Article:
Following mounting pressure from protest groups and a direct plea from U.S. President Joe Biden over the weekend, Israel’s government announced Monday that it will delay the implementation of some aspects of its judicial overhaul that critics say will weaken the courts.
In a phone call Sunday, Biden reportedly told Prime Minister Benjamin Netanyahu that “democratic societies are strengthened by genuine checks and balances, and that fundamental changes should be pursued with the broadest possible base of popular support.”
Since the planned judicial reforms were unveiled in February by Israel’s new government—the country’s most right-wing ever—protests have become a regular fixture. Organizers say 500,000 people took to the streets in Jerusalem and Tel Aviv over the weekend, and further demonstrations are expected Thursday.
There are also reports of growing internal division within government; David Bitan, a member of the Knesset, or Israel’s parliament, said in a television broadcast Sunday that “there are at least five Likud members who are in favor of stopping the legislation,” a reference to Netanyahu’s political party.
President Isaac Herzog has unsuccessfully attempted to broker a compromise with warnings last week that the country was on course for “civil war.”
During his call with Netanyahu, Biden also offered support to help establish a compromise. According to Nathaniel George, a Middle East politics professor at London’s School of Oriental and African Studies, the U.S. is in a strong position to influence Israel’s government because it is the nation’s “international sponsor, politically, militarily, and economically.”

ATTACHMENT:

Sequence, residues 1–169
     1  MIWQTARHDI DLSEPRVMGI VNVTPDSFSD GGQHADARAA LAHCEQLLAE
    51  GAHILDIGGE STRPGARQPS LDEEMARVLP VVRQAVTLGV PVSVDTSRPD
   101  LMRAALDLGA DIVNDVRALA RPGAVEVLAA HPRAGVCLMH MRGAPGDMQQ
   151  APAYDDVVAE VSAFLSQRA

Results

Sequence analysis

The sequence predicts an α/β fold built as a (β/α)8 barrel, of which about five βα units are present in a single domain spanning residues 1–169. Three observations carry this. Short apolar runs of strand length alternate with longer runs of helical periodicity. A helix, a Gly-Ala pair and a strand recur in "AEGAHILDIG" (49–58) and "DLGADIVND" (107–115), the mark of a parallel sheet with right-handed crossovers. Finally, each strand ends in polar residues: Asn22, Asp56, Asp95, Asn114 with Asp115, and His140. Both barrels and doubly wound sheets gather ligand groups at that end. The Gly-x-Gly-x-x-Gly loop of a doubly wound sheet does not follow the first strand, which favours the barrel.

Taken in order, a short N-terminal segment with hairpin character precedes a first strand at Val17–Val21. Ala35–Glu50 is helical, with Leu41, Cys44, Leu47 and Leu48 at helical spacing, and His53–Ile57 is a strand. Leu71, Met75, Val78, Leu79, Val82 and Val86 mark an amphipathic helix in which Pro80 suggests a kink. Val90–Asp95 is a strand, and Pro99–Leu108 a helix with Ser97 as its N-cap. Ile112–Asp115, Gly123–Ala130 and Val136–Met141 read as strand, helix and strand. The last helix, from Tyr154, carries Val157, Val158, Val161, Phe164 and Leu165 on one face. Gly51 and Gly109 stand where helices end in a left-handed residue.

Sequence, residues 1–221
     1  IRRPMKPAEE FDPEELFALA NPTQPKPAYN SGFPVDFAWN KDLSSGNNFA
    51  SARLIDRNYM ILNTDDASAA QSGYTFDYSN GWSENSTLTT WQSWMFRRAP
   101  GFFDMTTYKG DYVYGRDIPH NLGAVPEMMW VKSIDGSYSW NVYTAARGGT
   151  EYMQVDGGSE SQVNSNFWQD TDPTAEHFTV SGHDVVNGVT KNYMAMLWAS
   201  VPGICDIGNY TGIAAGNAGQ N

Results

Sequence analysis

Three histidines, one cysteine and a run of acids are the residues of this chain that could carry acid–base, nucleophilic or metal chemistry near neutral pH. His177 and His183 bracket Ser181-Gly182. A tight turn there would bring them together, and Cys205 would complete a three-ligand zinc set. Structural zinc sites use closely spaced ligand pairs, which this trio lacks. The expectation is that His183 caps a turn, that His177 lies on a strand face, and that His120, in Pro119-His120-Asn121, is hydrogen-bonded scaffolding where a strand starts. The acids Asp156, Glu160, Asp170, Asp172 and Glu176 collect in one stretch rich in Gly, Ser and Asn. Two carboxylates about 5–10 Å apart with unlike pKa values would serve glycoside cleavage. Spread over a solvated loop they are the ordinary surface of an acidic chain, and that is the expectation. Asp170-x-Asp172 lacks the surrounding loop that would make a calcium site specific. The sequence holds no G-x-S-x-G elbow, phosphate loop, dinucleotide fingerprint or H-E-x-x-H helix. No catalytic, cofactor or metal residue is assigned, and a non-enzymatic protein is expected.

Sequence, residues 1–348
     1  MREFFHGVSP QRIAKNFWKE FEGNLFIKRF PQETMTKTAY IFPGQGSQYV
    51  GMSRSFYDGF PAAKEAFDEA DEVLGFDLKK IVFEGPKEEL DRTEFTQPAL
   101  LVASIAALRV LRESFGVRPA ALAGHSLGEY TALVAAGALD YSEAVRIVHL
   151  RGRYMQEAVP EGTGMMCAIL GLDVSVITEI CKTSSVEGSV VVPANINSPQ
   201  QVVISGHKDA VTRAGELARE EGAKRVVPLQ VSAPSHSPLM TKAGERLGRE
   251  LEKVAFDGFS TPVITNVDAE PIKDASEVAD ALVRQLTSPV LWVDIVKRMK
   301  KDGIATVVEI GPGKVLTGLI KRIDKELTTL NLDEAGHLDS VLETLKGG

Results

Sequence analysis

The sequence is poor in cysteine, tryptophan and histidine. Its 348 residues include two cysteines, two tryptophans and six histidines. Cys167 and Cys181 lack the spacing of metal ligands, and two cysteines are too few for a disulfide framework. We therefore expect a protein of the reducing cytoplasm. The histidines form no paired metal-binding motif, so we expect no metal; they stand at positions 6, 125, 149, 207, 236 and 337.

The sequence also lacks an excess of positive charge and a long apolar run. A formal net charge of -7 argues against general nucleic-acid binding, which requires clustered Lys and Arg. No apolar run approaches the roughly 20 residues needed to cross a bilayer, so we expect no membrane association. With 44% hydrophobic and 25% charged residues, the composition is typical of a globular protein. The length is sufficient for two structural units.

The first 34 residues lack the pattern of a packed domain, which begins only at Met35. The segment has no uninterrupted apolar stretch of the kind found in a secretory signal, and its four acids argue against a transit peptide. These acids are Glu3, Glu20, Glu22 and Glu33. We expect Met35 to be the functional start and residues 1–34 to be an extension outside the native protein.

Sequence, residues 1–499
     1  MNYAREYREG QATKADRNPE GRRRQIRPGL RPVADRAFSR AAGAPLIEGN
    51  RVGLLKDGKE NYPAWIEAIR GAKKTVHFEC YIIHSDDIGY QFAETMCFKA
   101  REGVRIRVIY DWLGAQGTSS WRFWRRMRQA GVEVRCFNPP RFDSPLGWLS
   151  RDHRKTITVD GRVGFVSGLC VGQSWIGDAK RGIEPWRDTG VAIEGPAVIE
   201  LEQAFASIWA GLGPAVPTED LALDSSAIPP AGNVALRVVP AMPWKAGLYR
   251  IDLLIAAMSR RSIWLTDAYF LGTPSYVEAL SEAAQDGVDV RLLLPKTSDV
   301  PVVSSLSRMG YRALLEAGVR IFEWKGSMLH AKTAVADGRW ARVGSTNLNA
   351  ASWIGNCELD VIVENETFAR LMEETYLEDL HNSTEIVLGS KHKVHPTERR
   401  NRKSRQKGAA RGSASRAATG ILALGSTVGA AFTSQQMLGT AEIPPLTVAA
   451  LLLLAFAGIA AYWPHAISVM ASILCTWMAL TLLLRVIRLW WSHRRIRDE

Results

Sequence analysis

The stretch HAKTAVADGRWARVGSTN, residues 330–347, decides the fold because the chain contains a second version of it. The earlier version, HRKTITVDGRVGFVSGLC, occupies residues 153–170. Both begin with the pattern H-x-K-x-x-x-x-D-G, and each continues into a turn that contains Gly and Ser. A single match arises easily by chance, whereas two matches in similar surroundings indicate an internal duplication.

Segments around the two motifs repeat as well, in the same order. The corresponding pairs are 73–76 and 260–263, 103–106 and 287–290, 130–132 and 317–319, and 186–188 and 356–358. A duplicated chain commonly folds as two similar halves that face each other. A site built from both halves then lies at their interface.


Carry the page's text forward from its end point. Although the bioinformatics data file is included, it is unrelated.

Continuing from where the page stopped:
George notes that the U.S. intervention is likely an attempt to curtail the new Israeli government’s more radical proposals because they “highlight deep divisions within Israeli society at a time when U.S. and Israeli adversaries have made some notable gains outside of their control,” such as Iran’s rapprochement with Saudi Arabia.
Still, some contentious parts of the judicial overhaul are on track to be enacted before the Knesset breaks for Passover on April 5.
That includes plans to grant Israel’s government a one-seat majority on the nine-member committee that oversees the selection of Supreme Court judges. “This won’t be the Judges Selection Committee, this will be the committee for appointing cronies,” opposition leader Yair Lapid warned in a statement, according to the Washington Post.
Because Israel has a set of Basic Laws interpreted by the Supreme Court, rather than a written constitution, judges are one of the few checks on the government’s power.
Another proposed change the government is set to push through would protect Netanyahu, who is facing corruption charges, from prosecution.
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